Evidence found of contact between Easter Islanders and South America
Cerys Matthews reveals how her uncle taped 150 interviews for a biography of Dylan Thomas

Cerys Matthews on Dylan Thomas

The singer reveals how her uncle taped 150 interviews for a biography of the famous Welsh poet
DIY is not fun and we've finally realised this as a nation

Homebase closures: 'DIY is not fun'

Homebase has announced the closure of one in four of its stores. Nick Harding, who never did know his awl from his elbow, is glad to see the back of DIY
The Battle of the Five Armies: Air New Zealand releases new Hobbit-inspired in-flight video

Air New Zealand's wizard in-flight video

The airline has released a new Hobbit-inspired clip dubbed "The most epic safety video ever made"
Pumpkin spice is the flavour of the month - but can you stomach the sweetness?

Pumpkin spice is the flavour of the month

The combination of cinnamon, clove, nutmeg (and no actual pumpkin), now flavours everything from lattes to cream cheese in the US
11 best sonic skincare brushes

11 best sonic skincare brushes

Forget the flannel - take skincare to the next level by using your favourite cleanser with a sonic facial brush
Paul Scholes column: I'm not worried about Manchester United's defence - Chelsea test can be the making of Phil Jones and Marcos Rojo

Paul Scholes column

I'm not worried about Manchester United's defence - Chelsea test can be the making of Jones and Rojo
Frank Warren: Boxing has its problems but in all my time I've never seen a crooked fight

Frank Warren: Boxing has its problems but in all my time I've never seen a crooked fight

While other sports are stalked by corruption, we are an easy target for the critics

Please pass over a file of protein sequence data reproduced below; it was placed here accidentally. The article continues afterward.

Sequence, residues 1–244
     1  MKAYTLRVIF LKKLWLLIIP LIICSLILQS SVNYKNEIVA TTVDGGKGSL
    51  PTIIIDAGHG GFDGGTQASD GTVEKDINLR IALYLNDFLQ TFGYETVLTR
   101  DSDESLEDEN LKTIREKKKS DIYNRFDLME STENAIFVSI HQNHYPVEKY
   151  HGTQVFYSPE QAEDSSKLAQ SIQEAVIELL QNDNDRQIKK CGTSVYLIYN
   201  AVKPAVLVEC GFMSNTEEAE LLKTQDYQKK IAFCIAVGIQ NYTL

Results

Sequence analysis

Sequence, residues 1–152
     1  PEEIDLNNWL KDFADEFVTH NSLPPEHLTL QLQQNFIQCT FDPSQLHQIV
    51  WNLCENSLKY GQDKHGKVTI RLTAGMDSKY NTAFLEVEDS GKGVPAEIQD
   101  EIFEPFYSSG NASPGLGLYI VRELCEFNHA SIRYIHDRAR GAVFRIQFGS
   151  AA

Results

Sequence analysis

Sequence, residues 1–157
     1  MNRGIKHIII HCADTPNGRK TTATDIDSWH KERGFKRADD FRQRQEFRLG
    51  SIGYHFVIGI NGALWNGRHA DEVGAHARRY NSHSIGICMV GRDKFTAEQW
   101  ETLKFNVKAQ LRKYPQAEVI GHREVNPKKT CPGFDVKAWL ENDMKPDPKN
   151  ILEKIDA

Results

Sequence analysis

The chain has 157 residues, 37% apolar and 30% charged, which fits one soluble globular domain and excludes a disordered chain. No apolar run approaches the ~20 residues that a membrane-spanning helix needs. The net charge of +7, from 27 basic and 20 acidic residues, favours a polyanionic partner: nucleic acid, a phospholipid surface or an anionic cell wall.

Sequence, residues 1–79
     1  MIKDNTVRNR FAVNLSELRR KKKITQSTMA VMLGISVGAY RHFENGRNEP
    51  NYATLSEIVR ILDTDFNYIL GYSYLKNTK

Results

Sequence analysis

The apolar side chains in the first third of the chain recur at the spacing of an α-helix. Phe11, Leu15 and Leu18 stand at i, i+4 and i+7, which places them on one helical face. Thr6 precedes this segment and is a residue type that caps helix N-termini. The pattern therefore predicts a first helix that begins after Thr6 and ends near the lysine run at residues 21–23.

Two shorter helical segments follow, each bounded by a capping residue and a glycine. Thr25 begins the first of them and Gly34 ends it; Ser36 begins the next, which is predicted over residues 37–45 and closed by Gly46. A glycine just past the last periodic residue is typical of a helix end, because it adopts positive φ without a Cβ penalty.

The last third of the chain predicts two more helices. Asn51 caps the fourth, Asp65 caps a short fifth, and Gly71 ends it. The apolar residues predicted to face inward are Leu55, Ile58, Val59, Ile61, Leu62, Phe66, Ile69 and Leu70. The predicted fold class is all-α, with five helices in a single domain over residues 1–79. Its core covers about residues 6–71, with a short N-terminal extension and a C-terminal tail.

Jamie Roberts exclusive interview: 'I'm a man of my word – I'll stay in Paris'

Jamie Roberts: 'I'm a man of my word – I'll stay in Paris'

Wales centre says he’s not coming home but is looking to establish himself at Racing Métro
How could three tourists have been battered within an inch of their lives by a burglar in a plush London hotel?

A crime that reveals London's dark heart

How could three tourists have been battered within an inch of their lives by a burglar in a plush London hotel?
Meet 'Porridge' and 'Vampire': Chinese state TV is offering advice for citizens picking a Western moniker

Lost in translation: Western monikers

Chinese state TV is offering advice for citizens picking a Western moniker. Simon Usborne, who met a 'Porridge' and a 'Vampire' while in China, can see the problem
Handy hacks that make life easier: New book reveals how to rid your inbox of spam, protect your passwords and amplify your iPhone

Handy hacks that make life easier

New book reveals how to rid your email inbox of spam, protect your passwords and amplify your iPhone with a loo-roll
KidZania lets children try their hands at being a firefighter, doctor or factory worker for the day

KidZania: It's a small world

The new 'educational entertainment experience' in London's Shepherd's Bush will allow children to try out the jobs that are usually undertaken by adults, including firefighter, doctor or factory worker